I HAVE THIS THEORY that full-on mid century modern style never really takes hold and endures — because it’s just too spare for most people. It’s minimalist. And we humanoids are not. We like our ornamentation. We pouf our hair and bedazzle our ring fingers. We put bones through our noses, we draw on cave walls, we put feathers and arrowheads into cigar boxes, and we spend hours hunting down rare kitschy creatures for our collections of postwar Made in Japan salt and paper shakers but “animals under $5 a pair only”. It’s a magical, mystical, mesmerizing, magnetic pull — to accumulate. Above: The Wilson House is stunning, but still too… tidy… for me.
I really don’t like to encourage ‘being a meanie’ [a key commenting rule here on the blog is: No one is to be made to feel bad for their choices], but for purposes of today’s Open Thread, I point to this website, Unhappy Hipsters, which lampoons the poses of not-too-happy-looking people in their bare, artful, modern houses. Should we get these folks some tchotchkes, stat?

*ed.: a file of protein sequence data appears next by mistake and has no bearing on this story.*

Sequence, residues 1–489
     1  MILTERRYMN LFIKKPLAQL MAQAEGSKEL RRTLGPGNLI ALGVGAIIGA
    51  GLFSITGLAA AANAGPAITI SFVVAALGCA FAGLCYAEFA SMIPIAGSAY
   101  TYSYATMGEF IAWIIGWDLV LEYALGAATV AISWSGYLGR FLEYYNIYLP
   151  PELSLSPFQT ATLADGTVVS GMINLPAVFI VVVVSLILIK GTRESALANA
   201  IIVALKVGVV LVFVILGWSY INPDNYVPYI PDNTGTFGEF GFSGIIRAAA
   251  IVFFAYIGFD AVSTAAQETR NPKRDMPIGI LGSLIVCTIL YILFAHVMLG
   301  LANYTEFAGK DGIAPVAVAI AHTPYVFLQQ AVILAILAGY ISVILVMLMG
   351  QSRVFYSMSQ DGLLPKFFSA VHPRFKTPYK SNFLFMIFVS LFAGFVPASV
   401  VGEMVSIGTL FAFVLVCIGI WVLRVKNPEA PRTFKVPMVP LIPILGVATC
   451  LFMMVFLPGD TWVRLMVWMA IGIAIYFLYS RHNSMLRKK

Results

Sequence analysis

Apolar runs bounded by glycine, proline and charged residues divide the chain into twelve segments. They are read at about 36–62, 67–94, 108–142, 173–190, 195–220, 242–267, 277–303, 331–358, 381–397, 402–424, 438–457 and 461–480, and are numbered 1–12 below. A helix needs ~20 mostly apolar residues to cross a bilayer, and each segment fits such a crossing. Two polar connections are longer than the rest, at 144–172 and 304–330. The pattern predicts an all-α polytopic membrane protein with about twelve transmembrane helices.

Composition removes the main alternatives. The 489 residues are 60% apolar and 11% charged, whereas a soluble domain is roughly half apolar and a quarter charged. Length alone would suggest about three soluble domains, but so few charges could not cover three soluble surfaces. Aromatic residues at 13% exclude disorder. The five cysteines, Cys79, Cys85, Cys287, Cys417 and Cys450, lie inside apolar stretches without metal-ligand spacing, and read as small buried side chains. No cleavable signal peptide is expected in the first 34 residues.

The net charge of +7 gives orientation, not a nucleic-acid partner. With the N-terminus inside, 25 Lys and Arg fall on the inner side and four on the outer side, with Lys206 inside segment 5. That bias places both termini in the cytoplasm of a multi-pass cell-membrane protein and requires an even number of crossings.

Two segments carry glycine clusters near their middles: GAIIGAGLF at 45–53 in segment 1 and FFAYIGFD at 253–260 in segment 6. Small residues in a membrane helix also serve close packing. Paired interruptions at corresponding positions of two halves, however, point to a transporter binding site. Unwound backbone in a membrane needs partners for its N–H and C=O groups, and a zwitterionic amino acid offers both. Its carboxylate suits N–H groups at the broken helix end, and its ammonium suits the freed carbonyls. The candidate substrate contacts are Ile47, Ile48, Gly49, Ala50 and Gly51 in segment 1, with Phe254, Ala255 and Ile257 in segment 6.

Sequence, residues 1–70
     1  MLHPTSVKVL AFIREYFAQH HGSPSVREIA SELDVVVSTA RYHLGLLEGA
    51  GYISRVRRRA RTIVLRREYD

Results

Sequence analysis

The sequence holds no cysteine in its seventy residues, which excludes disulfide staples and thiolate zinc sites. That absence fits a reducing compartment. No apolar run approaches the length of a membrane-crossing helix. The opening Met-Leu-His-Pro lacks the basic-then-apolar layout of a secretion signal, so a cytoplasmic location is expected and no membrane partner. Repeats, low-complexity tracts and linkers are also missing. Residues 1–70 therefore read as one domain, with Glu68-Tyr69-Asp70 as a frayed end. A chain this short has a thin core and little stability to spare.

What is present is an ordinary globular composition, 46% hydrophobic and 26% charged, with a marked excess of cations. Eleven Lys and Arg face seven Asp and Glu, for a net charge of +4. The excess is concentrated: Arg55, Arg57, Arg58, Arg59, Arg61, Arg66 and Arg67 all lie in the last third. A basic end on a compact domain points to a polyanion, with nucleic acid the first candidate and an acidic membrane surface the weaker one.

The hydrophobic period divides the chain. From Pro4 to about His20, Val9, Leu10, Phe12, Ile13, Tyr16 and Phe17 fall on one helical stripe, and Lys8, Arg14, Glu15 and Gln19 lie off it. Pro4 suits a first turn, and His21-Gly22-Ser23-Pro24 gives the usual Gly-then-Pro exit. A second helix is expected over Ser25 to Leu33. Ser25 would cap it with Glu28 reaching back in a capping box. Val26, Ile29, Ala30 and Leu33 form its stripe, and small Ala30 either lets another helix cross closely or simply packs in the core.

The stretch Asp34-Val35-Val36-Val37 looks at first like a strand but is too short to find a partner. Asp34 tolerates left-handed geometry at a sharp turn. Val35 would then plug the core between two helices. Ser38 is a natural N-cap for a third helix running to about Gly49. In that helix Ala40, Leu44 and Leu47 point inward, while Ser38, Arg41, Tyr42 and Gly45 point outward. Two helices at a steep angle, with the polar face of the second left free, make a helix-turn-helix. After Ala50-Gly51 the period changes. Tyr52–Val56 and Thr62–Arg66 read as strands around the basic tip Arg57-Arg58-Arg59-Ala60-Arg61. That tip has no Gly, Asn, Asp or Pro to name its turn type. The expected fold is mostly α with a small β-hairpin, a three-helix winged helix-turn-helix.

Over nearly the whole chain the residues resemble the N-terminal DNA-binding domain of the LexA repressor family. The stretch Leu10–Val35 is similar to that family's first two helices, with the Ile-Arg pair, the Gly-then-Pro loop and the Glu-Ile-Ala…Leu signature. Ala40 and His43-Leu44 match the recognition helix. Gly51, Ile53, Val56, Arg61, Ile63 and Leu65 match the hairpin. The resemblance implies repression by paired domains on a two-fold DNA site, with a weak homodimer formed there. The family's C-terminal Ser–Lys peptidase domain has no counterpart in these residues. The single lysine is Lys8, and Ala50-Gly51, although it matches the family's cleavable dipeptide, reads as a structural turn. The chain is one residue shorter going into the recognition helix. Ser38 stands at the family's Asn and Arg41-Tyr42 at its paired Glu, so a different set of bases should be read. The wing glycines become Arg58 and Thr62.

I spoke to none other than mid century modern design legend Vladimir Kagan recently, and we chatted about this very issue — the struggle to achieve the most noble philosophical aspirations of minimalism.
My designs were influenced by the Bauhaus philosophy, “less is more” – I was raised on this. If you have a bigger piece of furniture, you need less seating elsewhere. The serpentine sofa seats eight people.
Pam: Do you live “less is more” in your own home? (I knew the answer because I had seen the photos of Kagan and Wilson’s New York City apartment on The Selby.)
Mr. Kagan laughs:
Less is more. Except in my own home. Do as I say, not as I do.
Pam: So why did you end up with more is more?
I wish I could be less is more. I have a yearning to move and start over. You end up with more is more because you like things. Erica and I traveled a lot, and we collected…. We have always acquired never eliminated. To create a clean space is a wonderful thing. I admire it and help create it for my clients. Unfortunately, emotionally I can not down-scale!
that it’s so hard to be minimalists?
Is there something very deep instinctual need to have our stuff?
(Let’s set aside the extremes, please, for this discussion.)
Should we give ourselves a break for being
creatures of domestic comfort?
Or, is there, and *should* we, strive for some sort of more “evolved” “balance”?
Please be *compassionate* in this discussion, okay?